“In order to protect the integrity of its own processes and fairly, consistently, and equally address the concerns of all litigants who await and need the attention of the judiciary, the court will judicially estop [the defendant] from now claiming that settlement was not reached on April 22, 1988 as represented to the court on that date.”
The Federal Circuit, however, reversed. 958 F.2d 355, 359 (Fed. Cir. 1992). The panel held that no one party reported settlement prematurely in order to obtain an unfair litigation benefit.
According to the Federal Circuit, it was understandable that “the parties, on the verge of settlement, would seek to avoid the use of possibly unnecessary judicial resources when they thought agreement had been reached. … When each party stated, albeit incorrectly, that agreement was imminent, it was intended to benefit both the parties and the court, not to advantage one party over another.”
For that reason, the panel concluded, “[o]ne party should not be judicially estopped when it turns out that such a joint representation was incorrect.”
Other judges have treated reported settlements as more tentative, with mixed results. In White v. Fessenden School, a case seeking to re-enroll a disabled student in a private school, the parties reported an oral settlement addressing most material terms. 358 F. App’x 208, 210-12 (1st Cir. 2009).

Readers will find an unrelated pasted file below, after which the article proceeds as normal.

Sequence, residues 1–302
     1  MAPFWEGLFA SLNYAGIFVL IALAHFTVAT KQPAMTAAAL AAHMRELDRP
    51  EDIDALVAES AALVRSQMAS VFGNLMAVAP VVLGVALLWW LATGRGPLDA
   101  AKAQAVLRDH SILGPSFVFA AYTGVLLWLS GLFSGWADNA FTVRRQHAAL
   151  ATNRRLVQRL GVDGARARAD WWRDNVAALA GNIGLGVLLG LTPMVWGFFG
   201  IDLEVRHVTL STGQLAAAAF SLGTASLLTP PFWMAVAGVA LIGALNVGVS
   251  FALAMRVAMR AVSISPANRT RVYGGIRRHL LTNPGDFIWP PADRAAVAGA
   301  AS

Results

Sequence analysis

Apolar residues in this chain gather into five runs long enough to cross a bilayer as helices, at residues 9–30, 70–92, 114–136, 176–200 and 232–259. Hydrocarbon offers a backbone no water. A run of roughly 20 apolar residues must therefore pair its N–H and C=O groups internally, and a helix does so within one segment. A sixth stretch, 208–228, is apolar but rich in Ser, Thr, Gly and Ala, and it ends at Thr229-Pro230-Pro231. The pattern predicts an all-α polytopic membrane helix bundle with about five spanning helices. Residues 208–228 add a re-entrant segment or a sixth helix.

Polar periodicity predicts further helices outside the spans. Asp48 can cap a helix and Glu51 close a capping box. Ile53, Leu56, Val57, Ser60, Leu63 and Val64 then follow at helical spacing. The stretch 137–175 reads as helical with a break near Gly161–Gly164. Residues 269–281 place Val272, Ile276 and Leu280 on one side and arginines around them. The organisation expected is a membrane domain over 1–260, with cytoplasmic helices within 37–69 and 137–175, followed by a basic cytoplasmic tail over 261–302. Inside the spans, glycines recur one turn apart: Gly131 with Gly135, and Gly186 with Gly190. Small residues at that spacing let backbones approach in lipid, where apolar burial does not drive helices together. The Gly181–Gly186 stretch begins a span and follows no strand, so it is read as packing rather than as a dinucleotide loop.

Entering a so-called nisi order, a practice sometimes used to clear dockets and spur a final disposition, the court dismissed the case without prejudice but gave either party the option to reopen the case within 60 days. When settlement discussions later unraveled, the plaintiffs filed a motion to enforce within the 60-day dismissal period.
Despite its seemingly flexible nisi order, the District Court ultimately granted the plaintiffs’ motion and enforced the settlement. On appeal, however, the 1st Circuit reversed, reasoning that the parties never agreed on the terms of the student’s re-enrollment, which was central to the litigation.
The District Court entered a similar nisi order after a reported settlement in Quincy V, LLC v. Herman, 652 F.3d 116, 120-21 (1st Cir. 2011). There, a plaintiff initially agreed to settle the case but later balked and refused to sign a mutual release. The other party moved to enforce the settlement, although it did so after the 60-day dismissal period had expired.